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View Poll Results: 900k to 1.5 Million Metro's People Know The Least About?
Jacksonville 11 7.59%
Louisville 15 10.34%
Hartford 14 9.66%
Raleigh 5 3.45%
Rochester 27 18.62%
Grand Rapids 52 35.86%
Tucson 12 8.28%
Tulsa 23 15.86%
Fresno 27 18.62%
Bridgeport 39 26.90%
Worcester 62 42.76%
Other (Memphis/OKC/Richmond/New Orleans/Salt Lake/Birmingham/Buffalo/Honolulu/ABQ) 16 11.03%
Multiple Choice Poll. Voters: 145. You may not vote on this poll

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Old 05-23-2014, 11:49 AM
 
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Quote:
Originally Posted by lrfox View Post
Maybe it does, but nei is right. According to the Census Bureau (the agency that defines MSAs), The Worcester MSA is simply the entirety of Worcester County, MA. Worcester County has a population of 798,552 (2013 estimate is 809,106). That would make the Worcester MSA's population about 800,000.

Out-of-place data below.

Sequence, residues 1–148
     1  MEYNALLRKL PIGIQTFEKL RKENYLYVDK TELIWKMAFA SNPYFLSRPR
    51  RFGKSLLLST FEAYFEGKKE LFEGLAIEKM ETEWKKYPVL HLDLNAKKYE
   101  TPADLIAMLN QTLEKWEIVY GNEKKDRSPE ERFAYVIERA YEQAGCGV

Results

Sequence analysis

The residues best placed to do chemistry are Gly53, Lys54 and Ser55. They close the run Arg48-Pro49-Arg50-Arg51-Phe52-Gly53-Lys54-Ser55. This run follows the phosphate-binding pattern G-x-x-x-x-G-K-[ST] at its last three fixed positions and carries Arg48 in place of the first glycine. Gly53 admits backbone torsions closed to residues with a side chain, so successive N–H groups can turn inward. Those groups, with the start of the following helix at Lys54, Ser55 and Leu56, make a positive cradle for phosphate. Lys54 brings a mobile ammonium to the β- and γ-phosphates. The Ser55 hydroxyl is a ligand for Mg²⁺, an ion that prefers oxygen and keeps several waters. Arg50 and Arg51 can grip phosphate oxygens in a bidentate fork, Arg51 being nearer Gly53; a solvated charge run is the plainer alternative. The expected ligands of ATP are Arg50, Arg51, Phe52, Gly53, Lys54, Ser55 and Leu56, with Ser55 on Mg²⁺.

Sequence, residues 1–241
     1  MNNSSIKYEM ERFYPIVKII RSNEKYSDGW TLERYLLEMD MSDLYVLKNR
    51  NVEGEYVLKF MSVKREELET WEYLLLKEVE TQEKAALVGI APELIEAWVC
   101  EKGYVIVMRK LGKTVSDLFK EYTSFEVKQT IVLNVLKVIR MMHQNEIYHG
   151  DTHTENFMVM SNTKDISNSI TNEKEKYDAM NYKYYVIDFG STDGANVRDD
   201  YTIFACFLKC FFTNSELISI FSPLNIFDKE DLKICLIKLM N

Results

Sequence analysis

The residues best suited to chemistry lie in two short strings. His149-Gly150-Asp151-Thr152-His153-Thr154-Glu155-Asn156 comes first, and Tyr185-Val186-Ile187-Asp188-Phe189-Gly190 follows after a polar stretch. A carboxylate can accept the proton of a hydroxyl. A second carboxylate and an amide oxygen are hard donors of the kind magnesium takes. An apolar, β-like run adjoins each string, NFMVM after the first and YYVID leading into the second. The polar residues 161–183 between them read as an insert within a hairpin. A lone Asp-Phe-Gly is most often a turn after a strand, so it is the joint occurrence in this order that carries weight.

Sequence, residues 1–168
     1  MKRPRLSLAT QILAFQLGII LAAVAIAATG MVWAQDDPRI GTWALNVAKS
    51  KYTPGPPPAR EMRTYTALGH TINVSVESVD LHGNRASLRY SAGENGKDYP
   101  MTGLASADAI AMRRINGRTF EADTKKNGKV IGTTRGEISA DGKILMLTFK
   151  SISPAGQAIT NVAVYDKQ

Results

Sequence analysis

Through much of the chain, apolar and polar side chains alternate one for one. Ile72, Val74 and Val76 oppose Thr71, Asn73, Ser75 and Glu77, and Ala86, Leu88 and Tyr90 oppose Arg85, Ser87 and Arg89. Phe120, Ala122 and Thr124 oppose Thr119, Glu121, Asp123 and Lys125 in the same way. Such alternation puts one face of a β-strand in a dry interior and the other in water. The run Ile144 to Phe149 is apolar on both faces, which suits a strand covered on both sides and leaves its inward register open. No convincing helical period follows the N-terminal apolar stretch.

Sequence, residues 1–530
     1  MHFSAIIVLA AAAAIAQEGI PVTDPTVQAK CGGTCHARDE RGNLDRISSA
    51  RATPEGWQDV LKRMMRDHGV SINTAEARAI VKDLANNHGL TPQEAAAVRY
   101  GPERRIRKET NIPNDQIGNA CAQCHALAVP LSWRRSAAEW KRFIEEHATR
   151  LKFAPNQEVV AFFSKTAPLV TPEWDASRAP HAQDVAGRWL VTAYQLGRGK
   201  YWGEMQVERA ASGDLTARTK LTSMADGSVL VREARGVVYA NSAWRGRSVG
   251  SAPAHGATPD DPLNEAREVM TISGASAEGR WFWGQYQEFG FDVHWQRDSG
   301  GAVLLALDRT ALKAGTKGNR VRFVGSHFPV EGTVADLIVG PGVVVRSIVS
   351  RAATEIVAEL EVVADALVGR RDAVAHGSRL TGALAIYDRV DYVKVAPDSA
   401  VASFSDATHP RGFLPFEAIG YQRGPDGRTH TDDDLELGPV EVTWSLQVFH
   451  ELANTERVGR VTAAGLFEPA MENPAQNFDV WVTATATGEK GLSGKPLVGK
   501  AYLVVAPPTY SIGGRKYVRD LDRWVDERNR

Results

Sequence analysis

Sources:
Census Bureau definition of Metropolitan Statistical Areas.

Worcester County Population.
I can confirm this. The Grand Rapids-Wyoming metro is also below 900k with 785,352 people according to American Factfinder.
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Old 05-23-2014, 12:05 PM
 
Location: Westside Grand Rapids
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Grand Junction, CO Metro Area 146,723 146,723 146,464 147,499 147,790 147,554
Grand Rapids-Wyoming, MI Metro Area 988,938 988,940 989,196 996,006 1,005,493 1,016,603
Grants Pass, OR Metro Area 82,713 82,713 82,838 82,641 82,813 83,306


copied right off Census.gov 2013 estimates
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Old 05-23-2014, 12:12 PM
 
226 posts, read 192,662 times
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Default Matamoros–Brownsville

http://upload.wikimedia.org/wikipedia/commons/thumb/9/9d/Location_mapMatamoros-Brownsville.png/300px-Location_mapMatamoros-Brownsville.png

The Matamoros–Brownsville is connected by four international bridges.[SIZE=2][5][/SIZE] In addition, this transnational conurbation area has a population of 1,136,995,[SIZE=2][6][/SIZE] making it the 4th largest metropolitan area in the Mexico-US border.[SIZE=2][7][/SIZE]